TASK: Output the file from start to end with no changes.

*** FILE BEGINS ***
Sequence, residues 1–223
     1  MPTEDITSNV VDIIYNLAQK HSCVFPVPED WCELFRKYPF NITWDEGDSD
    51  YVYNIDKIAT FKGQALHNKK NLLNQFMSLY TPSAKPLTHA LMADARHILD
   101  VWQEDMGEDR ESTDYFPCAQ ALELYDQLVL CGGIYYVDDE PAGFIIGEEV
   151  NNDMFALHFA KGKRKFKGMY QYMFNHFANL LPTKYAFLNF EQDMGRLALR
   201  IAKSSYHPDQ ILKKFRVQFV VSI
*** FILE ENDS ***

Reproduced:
Sequence, residues 1–223
     1  MPTEDITSNV VDIIYNLAQK HSCVFPVPED WCELFRKYPF NITWDEGDSD
    51  YVYNIDKIAT FKGQALHNKK NLLNQFMSLY TPSAKPLTHA LMADARHILD
   101  VWQEDMGEDR ESTDYFPCAQ ALELYDQLVL CGGIYYVDDE PAGFIIGEEV
   151  NNDMFALHFA KGKRKFKGMY QYMFNHFANL LPTKYAFLNF EQDMGRLALR
   201  IAKSSYHPDQ ILKKFRVQFV VSI